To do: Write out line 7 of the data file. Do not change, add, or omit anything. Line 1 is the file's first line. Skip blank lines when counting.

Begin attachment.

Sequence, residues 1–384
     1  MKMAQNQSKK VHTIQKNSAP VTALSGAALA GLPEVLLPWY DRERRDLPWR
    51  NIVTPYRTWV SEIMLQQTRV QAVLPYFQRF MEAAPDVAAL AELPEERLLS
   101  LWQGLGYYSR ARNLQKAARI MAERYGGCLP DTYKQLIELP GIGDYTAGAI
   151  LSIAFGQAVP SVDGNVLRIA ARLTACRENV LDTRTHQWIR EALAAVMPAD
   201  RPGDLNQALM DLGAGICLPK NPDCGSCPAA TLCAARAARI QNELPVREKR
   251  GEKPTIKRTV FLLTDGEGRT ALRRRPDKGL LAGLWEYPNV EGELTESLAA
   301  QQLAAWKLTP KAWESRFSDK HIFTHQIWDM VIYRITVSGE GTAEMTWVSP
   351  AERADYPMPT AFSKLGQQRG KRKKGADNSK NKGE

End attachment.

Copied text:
   251  GEKPTIKRTV FLLTDGEGRT ALRRRPDKGL LAGLWEYPNV EGELTESLAA